A Guide to Cybersecurity for Small to Midsize Businesses
It’s no secret… Cybercrime is clearly getting worse with hackers attacking every 39 seconds. According to recent studies, data breaches exposed a staggering 4.1 BILLION records in the first half of last year. So what do you need to do to protect yourself? You’ve likely heard of the basics… Install anti-virus software, use strong passwords, be wary of emails… But is that enough? The simplest answer: Absolutely not. You need more advanced cybersecurity measures, protocols, and procedures to stay safe in today’s threat landscape. Even if you’re a small business, cybercriminals will still target you for the information you’re storing.
Consider this… It’s much easier to target 10+ small businesses with lackluster cybersecurity measures than 1 large enterprise with advanced cybersecurity measures. This is why small businesses account for approximately 43% of cyber attack victims. The idea that you’re “too small” for cybercriminals to target is outdated at best and dangerous at worst. Here are the most common causes of a data breach to keep in mind:
- Application vulnerabilities and/or back doors
- Social engineering via email or other avenues
- Too many permissions granting accessibility
- Improper configuration and/or user errors
- Weak or reused login credentials
- Insider threats, such as disgruntled employees
As mentioned above, you’ve likely heard the basics when it comes to staying safe against the risks listed above. But here’s a quick refresher…
- Use strong, unique passwords that are hard to guess
- Install and run an enterprise-grade antivirus software
- Be wary of suspicious emails and never click on links
- Apply the latest patches to all operating systems, software, etc.
- Don’t access sensitive information via public wireless networks
But beyond the basics, what do you need to do? Here’s a few tips that will keep your confidential information safe:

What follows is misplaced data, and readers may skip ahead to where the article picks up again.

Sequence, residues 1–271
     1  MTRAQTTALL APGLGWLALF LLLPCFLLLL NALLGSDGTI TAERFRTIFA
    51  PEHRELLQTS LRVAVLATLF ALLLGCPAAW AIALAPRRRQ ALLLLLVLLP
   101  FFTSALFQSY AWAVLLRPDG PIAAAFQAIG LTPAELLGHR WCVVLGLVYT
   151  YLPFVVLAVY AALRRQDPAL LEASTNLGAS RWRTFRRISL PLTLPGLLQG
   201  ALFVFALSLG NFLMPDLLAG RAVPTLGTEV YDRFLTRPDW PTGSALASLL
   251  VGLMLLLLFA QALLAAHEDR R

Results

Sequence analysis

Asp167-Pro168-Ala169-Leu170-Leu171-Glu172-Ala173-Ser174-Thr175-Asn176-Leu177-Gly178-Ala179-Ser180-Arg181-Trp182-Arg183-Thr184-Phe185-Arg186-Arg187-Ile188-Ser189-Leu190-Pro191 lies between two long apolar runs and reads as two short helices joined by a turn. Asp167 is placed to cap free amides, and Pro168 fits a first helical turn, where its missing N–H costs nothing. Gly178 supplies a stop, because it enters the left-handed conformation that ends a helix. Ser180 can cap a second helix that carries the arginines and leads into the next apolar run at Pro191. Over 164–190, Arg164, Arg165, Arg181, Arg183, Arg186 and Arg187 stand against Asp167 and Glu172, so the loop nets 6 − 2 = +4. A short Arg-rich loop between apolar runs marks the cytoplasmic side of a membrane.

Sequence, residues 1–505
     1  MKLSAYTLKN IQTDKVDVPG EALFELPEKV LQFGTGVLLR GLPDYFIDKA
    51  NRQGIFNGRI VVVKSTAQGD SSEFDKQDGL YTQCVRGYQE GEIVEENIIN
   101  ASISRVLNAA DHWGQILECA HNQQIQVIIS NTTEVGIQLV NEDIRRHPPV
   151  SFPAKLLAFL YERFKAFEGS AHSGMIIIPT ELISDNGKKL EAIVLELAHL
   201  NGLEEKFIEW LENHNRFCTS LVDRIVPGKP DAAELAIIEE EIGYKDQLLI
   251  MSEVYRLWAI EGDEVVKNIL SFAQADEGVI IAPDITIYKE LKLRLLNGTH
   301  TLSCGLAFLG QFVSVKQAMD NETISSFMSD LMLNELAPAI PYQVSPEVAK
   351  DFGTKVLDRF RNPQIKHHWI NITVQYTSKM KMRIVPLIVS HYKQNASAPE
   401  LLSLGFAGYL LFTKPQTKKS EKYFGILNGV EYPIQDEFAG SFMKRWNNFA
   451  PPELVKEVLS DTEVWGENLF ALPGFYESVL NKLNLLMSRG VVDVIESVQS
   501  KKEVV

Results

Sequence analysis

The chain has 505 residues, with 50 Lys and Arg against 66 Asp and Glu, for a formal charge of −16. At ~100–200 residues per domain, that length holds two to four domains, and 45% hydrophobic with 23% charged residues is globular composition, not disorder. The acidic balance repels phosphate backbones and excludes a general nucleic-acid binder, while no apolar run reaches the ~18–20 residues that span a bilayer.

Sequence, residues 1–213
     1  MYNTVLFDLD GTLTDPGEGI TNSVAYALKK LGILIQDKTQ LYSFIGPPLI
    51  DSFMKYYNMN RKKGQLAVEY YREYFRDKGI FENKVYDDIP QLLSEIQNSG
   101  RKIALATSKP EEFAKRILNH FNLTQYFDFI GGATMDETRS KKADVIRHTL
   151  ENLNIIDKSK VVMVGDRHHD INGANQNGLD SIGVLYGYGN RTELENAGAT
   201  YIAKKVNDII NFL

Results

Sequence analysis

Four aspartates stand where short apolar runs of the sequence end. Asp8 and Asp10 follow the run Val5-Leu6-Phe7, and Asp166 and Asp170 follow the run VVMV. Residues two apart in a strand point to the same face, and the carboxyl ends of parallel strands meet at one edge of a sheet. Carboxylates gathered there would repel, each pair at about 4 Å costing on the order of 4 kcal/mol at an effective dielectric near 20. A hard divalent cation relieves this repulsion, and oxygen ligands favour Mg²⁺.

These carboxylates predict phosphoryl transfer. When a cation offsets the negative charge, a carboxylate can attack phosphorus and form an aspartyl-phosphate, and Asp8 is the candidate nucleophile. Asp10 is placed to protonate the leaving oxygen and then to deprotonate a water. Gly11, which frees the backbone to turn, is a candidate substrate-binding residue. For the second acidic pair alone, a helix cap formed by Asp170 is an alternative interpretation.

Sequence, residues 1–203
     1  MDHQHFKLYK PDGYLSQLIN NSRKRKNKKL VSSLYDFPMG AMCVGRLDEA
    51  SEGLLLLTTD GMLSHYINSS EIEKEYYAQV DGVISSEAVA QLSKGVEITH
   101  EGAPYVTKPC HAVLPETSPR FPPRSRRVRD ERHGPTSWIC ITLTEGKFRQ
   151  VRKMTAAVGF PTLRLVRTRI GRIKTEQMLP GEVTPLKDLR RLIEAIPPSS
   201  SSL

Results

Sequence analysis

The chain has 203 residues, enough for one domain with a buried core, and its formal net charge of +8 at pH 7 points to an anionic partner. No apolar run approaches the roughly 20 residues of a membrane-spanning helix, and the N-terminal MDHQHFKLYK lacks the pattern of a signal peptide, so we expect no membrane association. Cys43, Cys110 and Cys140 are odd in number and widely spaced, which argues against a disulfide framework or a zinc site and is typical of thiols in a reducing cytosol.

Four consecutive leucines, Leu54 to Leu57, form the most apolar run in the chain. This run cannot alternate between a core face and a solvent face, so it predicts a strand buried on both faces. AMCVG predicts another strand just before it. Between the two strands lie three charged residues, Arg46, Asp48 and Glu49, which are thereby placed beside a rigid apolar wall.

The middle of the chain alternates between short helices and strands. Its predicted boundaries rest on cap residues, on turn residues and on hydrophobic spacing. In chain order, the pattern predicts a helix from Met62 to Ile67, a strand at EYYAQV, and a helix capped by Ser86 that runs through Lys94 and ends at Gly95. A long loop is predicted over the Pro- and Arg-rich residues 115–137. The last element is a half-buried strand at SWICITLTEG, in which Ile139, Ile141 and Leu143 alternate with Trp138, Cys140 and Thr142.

- Enforce a strong bring-your-own-device policy: Many organizations overlook the risk of allowing employees to use their own devices, but those devices typically connect to the network at some point, as well as store and access corporate information. You should have a bring-your-own-device policy that outlines various requirements to keep these devices safe.
- Document all of your security policies: On the topic of policies, it’s important to make sure you’re documenting all of your security policies, including any training, checklists or other protocol that take place. This is crucial in the event that you do experience a security breach of some sort as it allows you to prove that you were not negligent in your actions.
- Use multi-factor authentication wherever possible: Many email programs and other online services now offer multi-factor authentication wherein users will need their username, password, and another form of authentication to log in. This other form of authentication is often a PIN sent to their mobile device or something similar. This greatly minimizes risks.
- Invest in a SIEM (security information and event management) solution: A SIEM is a type of software solution that analyzes activity taking place from multiple different resources across your information technology infrastructure. Essentially, the software collects data regarding security from servers, domain controllers, network devices, and other resources to spot and alert you of problems.
Contact Discovery IT at (409) 240-0686 to Start Implementing the Above Security Measures Now.